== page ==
California Grabs $96.4 Million in First Round of Online Sales Tax Collection
February 20, 2013 7:11 PM
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This amount is strictly for the September-December 2012 quarter
Some U.S. states -- like California -- are starting to see new revenue from
sales tax on internet purchases
from the likes of Amazon.
The California Board of Equalization said it made $96.4 million in sales tax on internet commerce from September-December 2012, which is the first full quarter that the state started collecting. This is good news for the California Department of Finance, which has a forecast budget goal of $107 million in new e-taxes for the fiscal year starting July 1, 2012.
While these numbers look great for the state of California, they're a bit off from the estimates provided by a 2009 University of Tennessee study that said California would make $1.9 billion in 2012 revenue if it collected online sales tax. It also said states would miss out on $11.4 billion in 2012 revenue nationwide if they failed to collect online sales tax.
As of right now, Amazon collects sales tax in nine states (including California) and will collect in seven more over the next year.
Georgia is one the most recent to collect online sales tax. Amazon started collecting sales tax in Texas in July 2012, and California and Pennsylvania in September 2012.
Amazon has been fighting states that force it to collect sales tax for years (except in Kansas, Kentucky, New York, North Dakota and Washington). The e-tailer fled many states that attempted to force tax collection on the company, such as
and Illinois. But between states looking for ways to offset large financial deficits and brick-and-mortar stores like Best Buy complaining about Amazon being unfair competition, the issue swelled.
Amazon CEO Jeff Bezos said many times that his company would agree to collect taxes if there were some sort of federal legislation.
But eventually, Amazon finally broke down and started collecting sales tax in certain states, which allowed it to build more distribution centers within those states. For instance, Amazon announced that it would
collect sales tax in New Jersey
last May so that two Amazon distribution centers could be built. This led to faster shipping for customers, such as
Amazon's same-day delivery
program, making it more competitive than ever.
But earlier this month, Amazon and Overstock.com challenged a New York law passed in 2008, which forces companies with affiliates within the state to collect sales tax. However, Amazon said
this law is unconstitutional
because a 1992 Supreme Court decision said retailers that don't have a nexus of operation in a state does not need to collect sales tax. While New York said that websites with purchase buttons for Amazon as well as other national retailers are local solicitors because they receive fees for doing so, Amazon said argued that web referrals are less like solicitors or a local sales force and are more like advertising.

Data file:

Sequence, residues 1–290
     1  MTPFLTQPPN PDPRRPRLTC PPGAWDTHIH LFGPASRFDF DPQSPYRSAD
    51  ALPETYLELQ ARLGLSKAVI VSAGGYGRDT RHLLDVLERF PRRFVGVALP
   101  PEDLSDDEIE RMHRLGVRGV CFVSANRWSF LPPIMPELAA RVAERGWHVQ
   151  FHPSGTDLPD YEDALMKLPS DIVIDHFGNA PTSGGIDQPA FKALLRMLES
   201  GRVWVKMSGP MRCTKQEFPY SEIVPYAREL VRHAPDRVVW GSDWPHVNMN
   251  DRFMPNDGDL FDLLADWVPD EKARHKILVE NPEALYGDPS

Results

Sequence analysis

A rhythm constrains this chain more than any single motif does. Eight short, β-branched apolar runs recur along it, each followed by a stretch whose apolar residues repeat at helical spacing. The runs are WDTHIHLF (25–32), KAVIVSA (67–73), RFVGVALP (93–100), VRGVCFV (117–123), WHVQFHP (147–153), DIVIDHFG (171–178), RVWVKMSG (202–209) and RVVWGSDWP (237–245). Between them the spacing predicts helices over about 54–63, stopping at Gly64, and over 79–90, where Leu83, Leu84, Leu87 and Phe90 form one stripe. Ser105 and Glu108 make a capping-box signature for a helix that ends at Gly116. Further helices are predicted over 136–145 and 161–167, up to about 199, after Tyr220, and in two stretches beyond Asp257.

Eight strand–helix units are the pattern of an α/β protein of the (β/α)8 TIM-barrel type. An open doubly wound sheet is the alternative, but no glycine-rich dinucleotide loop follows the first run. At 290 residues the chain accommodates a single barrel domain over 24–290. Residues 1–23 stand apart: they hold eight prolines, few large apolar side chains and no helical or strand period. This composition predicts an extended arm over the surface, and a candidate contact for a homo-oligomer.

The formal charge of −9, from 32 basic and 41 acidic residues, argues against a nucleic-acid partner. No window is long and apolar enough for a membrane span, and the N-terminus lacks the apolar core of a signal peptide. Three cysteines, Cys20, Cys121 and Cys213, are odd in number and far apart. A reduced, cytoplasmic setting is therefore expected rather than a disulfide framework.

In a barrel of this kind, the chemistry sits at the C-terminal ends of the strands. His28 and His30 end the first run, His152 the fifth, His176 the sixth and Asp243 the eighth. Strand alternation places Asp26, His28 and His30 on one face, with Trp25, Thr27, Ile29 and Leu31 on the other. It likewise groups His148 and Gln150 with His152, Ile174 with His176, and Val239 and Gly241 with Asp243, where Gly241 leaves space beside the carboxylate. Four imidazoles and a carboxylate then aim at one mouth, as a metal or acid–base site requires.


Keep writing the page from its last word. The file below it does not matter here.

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2/21/2013 1:52:27 PM
The fixed annual income vs expenses model for personal finances doesn't really apply when you get up to government or even corporate levels of income and expenses. When you're talking about economies that large, the old adage "you have to spend money to make money" on average prevails. Yes you can balance your budget by cutting spending, but frequently the better way for a company to get back into the black is by
spending. You just need to increase it in a way which results in increased sales. And if you do it right, the increase in sales revenue will exceed the increase in spending, resulting in a net reduction in debt.
Unfortunately, our government is pretty bad about spending money in ways which increase revenue (productivity). If social programs truly were a safety net, they'd increase productivity (by preventing people from falling off the cliff and becoming homeless non-productive members of society). But arguably they've become a way of life for a large segment of the population, thus representing a net drain (my personal opinion is we need a lifetime limit on how much you can get in social benefits). Likewise, aside from tangential technological improvements like GPS, defense spending isn't really productive unless you're actually fighting someone with all that military hardware you're buying.
2/21/2013 2:19:32 PM
"Unfortunately, our government is pretty bad about spending money in ways which increase revenue (productivity)."
You hit the nail on the head. It is for that exact reason that I nearly puke every time I hear someone parrot the narrative that government spending will create jobs. Sure, they occasionally do something good, like infrastructure. But as you mentioned, the bulk of it goes to welfare/warfare/lawsuits/tax compliance which is a complete squandering of the nation's productive resources. The government cannot allocate resources better than the market. If they could, there'd be no need for a market economy.
Governments need to understand they cannot spend their way out of debt.
"I'd be pissed too, but you didn't have to go all Minority Report on his ass!" -- Jon Stewart on police raiding Gizmodo editor Jason Chen's home
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